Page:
MS. COURIC: We'll talk more about that resolution in a moment, Mr. Secretary, but first I want to ask you about the violence in Iraq. Many wonder what the naming of this interim government, what impact it will have on the insurgency, and are you fearful it will be seen as a last-ditch effort by those who want to impede any progress being made in Iraq?
SECRETARY POWELL: Yeah, I think that's a reasonable assumption that there are people out there who want to go back to the past; they want to go back to the days of Saddam Hussein; they want to put in place not a democracy, but some sort of tyrannical regime; and they will fight against us and they will fight against this new government.
But I think most Iraqis will look at this new government and say, finally, we have our government back, the occupation has ended. Let there be no doubt about it, when this government takes over, Ambassador Bremer and his people in the Coalition Provisional Authority have finished their job and we will then be represented by an ambassador in the person of John Negroponte. And I hope that that fundamental change will cause the Iraqi people to come together and say let's build up our own security forces, let's gain the strength we need to take care of ourselves, ask the Americans and the other coalition forces to remain until we are able to do it ourselves, and then they can go home as well.
MS. COURIC: And, in fact, Secretary Powell, the State Department had quite an extensive blueprint on how to rebuild Iraq early on in this process, a blueprint that was, frankly, rejected by the Pentagon. After June 30th, as you mentioned, the State Department will take the lead role. Given the fact that you and the Pentagon have not always seen eye-to-eye, how will your approach be different, and do you feel at all vindicated?
SECRETARY POWELL: I am comfortable that arrangements have been worked out between all of the departments of government, that we will have a unified approach to this after the 1st of July. Ambassador Negroponte doesn't just represent the State Department, he represents the President. He'll be the chief of mission, as we call it, and be responsible for all civilian political activities in Iraq -- the reconstruction effort -- and then the Pentagon will be responsible for the military troops that are there, General Abizaid's troops.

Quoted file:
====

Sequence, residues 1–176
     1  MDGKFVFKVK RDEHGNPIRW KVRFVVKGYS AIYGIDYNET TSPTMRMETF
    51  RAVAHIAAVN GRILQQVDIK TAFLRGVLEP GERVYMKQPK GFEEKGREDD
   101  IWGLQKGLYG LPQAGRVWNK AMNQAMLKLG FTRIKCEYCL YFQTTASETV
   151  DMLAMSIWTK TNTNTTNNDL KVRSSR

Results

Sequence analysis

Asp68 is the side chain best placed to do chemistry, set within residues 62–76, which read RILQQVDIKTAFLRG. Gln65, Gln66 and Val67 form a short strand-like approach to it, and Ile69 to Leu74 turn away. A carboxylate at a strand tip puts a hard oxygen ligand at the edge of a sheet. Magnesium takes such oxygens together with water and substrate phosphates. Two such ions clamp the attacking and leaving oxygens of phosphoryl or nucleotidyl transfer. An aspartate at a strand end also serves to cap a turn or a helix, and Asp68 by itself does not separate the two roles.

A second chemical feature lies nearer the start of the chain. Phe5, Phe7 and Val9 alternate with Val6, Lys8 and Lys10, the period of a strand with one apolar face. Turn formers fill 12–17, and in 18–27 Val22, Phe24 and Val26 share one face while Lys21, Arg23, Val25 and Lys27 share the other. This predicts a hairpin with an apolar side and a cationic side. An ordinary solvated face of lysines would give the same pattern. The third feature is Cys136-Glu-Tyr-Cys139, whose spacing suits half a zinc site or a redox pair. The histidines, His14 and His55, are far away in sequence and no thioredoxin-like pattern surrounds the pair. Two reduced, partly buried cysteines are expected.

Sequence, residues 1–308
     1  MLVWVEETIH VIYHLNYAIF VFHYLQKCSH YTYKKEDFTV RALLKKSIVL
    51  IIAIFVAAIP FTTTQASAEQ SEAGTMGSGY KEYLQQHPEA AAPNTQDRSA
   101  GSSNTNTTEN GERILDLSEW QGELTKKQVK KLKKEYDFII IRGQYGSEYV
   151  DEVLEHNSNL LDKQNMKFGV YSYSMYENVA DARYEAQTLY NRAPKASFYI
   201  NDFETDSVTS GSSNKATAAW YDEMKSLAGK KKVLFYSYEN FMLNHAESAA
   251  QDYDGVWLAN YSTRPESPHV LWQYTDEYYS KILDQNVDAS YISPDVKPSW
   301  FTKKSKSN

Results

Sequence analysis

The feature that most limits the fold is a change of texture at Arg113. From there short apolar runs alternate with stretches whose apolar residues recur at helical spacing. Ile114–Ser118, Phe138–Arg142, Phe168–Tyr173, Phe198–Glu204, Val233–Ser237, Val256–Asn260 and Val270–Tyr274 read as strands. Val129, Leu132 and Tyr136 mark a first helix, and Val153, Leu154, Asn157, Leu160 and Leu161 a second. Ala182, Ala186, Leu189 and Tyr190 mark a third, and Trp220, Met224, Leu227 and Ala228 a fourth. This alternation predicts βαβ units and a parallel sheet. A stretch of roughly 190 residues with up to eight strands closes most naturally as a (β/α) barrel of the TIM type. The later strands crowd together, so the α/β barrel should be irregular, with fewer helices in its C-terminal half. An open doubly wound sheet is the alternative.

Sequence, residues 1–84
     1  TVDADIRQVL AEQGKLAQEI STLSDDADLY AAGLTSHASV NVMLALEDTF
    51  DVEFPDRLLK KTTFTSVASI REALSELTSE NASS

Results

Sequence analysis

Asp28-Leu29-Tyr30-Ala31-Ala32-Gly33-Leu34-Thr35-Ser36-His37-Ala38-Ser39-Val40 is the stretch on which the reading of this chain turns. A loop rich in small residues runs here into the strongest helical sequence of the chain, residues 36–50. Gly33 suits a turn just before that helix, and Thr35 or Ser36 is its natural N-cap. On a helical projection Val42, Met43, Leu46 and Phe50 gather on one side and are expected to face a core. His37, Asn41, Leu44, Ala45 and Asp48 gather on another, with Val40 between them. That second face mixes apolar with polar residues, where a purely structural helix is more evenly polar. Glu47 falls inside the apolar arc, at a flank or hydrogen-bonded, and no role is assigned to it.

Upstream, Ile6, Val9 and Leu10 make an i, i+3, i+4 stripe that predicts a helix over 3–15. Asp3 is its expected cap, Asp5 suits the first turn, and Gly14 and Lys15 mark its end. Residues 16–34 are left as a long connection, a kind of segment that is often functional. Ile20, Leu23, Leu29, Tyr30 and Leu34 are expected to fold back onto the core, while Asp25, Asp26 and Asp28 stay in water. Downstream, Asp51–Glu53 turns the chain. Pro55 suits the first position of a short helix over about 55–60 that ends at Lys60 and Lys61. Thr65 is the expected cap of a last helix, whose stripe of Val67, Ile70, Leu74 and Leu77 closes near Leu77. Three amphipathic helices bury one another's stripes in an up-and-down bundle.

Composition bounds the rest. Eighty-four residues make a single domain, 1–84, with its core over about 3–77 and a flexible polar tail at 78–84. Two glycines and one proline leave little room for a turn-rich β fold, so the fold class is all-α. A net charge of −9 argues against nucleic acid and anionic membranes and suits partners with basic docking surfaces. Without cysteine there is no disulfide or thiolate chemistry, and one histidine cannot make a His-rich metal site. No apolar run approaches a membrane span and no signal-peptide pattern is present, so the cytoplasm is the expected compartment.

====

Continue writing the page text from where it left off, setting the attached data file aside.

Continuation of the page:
And so Secretary Rumsfeld and I have worked out already the arrangements. The President has signed the necessary documentation that will lay out our mutual responsibilities. And we're also working with all of the other departments of government as well.
MS. COURIC: Let's talk about the draft blueprint submitted to the UN Security Council. About that, the President of the Iraqi Governing Council said, "We found it less than our expectations." What will this UN resolution actually do, and does it call for countries like Russia, France and Germany to commit forces and money to what's going on in Iraq?
SECRETARY POWELL: No, it does not. It encourages all members of the United Nations to contribute in any way they think it is appropriate, but it cannot order a nation to contribute forces. And Russia --
MS. COURIC: But do you expect those countries will, Secretary Powell?
SECRETARY POWELL: No, no, Russia -- Russia, Germany and France have made it clear that they do not plan to commit combat troops to this operation, and we understand that. But they have also made it clear that they want to make sure that we are successful in Iraq. So there may be other contributions they can make: debt relief, police training, reconstruction funds, civilian personnel to participate in the reconstruction effort. There is a great deal that every nation in the Security Council and in the United Nations can do to make our effort in Iraq a success.
If there's one thing that has become clear in my discussions with all of my European colleagues, especially, is that they realize it is in our mutual interest for us to succeed in making Iraq a democracy and they are committed to that end, even though they might not be prepared to commit military forces to that end.
MS. COURIC: But 138,000 U.S. troops in Iraq, it seems, I imagine, or I suspect, for the next year that will be the case. What has to happen for a drawdown to begin, Secretary Powell?
SECRETARY POWELL: I think what we have to see is an accelerated buildup of Iraqi forces, and the President spoke to that and described how we're going to go about that in his speech last night. And as those forces become more able to take over police and security responsibilities, then our forces can start to pull back from those kinds of missions and ultimately the numbers will start to drop. The whole country --